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Food, fibre and pharmaceuticals from animals
RESEARCH ARTICLE

Immunisation against gonadotrophin-releasing hormone (GnRH) increases growth and reduces variability in group-housed boars

F. R. Dunshea A B I , G. M. Cronin B C , J. L. Barnett A B , P. H. Hemsworth A B , D. P. Hennessy D , R. G. Campbell E , B. Luxford F , R. J. Smits F , A. J. Tilbrook G , R. H. King A B and I. McCauley H
+ Author Affiliations
- Author Affiliations

A Melbourne School of Land and Environment, The University of Melbourne, Melbourne, Vic. 3010, Australia.

B Formerly Department of Primary Industries, 600 Sneydes Road, Werribee, Vic. 3030, Australia.

C Faculty of Veterinary Science, The University of Sydney, Camden, NSW 2570, Australia.

D Pfizer Animal Health, Poplar Road, Parkville, Vic. 3052, Australia.

E Pork Cooperative Research Centre, Roseworthy Campus, The University of Adelaide, SA 5371, Australia.

F Rivalea Australia, Corowa, NSW 2646, Australia.

G Department of Physiology, Monash University, Clayton, Vic. 3800, Australia.

H Department of Primary Industries, Mickleham Road, Attwood, Vic. 3049, Australia.

I Corresponding author. Email: fdunshea@unimelb.edu.au

Animal Production Science 51(8) 695-701 https://doi.org/10.1071/AN11021
Submitted: 16 February 2011  Accepted: 27 May 2011   Published: 5 August 2011

Abstract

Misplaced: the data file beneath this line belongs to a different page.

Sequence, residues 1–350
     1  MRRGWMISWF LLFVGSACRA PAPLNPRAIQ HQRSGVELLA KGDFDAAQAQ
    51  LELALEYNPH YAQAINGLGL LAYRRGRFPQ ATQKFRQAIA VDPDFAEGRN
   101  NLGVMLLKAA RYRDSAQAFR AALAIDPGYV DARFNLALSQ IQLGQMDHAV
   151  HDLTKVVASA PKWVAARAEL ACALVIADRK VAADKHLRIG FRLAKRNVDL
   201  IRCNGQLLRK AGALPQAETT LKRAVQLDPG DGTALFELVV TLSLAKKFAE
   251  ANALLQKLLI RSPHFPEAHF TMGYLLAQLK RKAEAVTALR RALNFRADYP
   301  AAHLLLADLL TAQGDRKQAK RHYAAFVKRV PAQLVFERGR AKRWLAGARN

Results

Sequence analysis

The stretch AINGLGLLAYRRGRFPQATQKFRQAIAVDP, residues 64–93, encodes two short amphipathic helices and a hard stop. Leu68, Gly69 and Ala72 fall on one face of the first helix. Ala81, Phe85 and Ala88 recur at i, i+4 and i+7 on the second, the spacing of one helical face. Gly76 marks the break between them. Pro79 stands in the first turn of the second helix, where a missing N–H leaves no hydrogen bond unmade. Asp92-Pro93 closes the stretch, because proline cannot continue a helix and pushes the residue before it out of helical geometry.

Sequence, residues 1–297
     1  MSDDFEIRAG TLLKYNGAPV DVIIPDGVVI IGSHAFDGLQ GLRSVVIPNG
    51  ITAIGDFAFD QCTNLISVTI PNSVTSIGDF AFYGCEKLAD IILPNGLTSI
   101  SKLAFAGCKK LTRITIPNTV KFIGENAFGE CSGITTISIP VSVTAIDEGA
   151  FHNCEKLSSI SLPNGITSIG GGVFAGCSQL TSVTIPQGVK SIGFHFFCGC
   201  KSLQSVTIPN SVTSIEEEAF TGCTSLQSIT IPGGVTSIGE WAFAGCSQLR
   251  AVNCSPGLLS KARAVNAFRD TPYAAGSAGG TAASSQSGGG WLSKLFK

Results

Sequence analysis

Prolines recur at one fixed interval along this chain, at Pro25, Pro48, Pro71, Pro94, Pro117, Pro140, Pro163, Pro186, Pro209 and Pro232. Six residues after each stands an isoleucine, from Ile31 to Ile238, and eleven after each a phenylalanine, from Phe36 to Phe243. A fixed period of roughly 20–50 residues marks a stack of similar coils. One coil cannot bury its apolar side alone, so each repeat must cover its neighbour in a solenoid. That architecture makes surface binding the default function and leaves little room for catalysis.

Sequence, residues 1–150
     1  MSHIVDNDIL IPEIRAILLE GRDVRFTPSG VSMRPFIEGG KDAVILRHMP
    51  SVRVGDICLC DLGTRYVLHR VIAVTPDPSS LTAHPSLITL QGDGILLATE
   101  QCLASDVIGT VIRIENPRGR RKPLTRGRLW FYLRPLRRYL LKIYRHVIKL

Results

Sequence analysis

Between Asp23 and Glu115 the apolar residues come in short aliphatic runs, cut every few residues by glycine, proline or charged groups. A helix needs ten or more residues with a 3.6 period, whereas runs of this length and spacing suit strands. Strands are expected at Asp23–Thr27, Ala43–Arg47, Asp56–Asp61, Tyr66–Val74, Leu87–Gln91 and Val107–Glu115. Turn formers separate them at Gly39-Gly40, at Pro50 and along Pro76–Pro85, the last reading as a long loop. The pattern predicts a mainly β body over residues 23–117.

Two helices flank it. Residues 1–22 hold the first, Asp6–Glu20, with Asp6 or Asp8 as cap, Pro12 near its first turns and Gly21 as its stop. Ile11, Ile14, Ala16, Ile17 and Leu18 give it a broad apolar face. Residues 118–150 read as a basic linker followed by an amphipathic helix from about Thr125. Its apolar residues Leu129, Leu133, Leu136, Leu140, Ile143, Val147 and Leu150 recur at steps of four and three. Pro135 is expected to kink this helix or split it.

It is generally accepted that entire boars are leaner and more efficient than barrows but that they have poorer meat quality with an increased risk of boar taint. An additional issue in producing boars to meet market specifications is variation in growth performance, which may be exacerbated by high levels of aggression and mounting behaviour in group-housed animals. Immunisation against gonadotrophin-releasing hormone (GnRH), leading to immunological castration, offers a means of reducing aggression and mounting behaviour while maintaining most of the production efficiencies associated with entire boars. A total of 120 control boars, 120 immunised boars and 60 barrows (physically castrated at 5 days of age) were used in a study conducted in two replicates. Each replicate consisted of two pens each of boars, immunised boars and barrows, each pen containing 15 pigs, and two blocks of 15 individually-housed boars and immunised boars. The group-housed pigs had access to two single place electronic feeders per pen. Immunised boars were given the anti-GnRH vaccine (Improvac) at 14 and 18 weeks of age. In the 2 weeks immediately after the secondary immunisation at 18 weeks, average daily gain was greater in the immunised boars than the boars or barrows, particularly in those that were group housed, as indicated by the interaction (P = 0.035). From 18 to 23 weeks of age average daily gain was greater (P = 0.005) in immunised boars than in control boars and barrows and was greater (P < 0.001) in individually- than in group-housed pigs. The average daily gain of group-housed immunised boars and individually-housed control boars were similar over the 5-week period after secondary immunisation (1090 vs 1099 g/day), being ~20 and 15% higher than the group-housed control boars and barrows, respectively. The average daily feed intake was greater (P = 0.011) in immunised boars than in control boars with barrows intermediate. The standard deviation of bodyweight increased with age but was lower (P from 0.032 to 0.09) in immunised boars than in control boars and barrows between 18 and 22 and 17 and 21 weeks of age. Carcass fighting damage and pork pH were higher (P < 0.05) for control boars than for immunised boars or barrows. In conclusion, immunisation against GnRH increased average daily gain and average daily feed intake while decreasing variation in bodyweight and improving carcass and pork quality.


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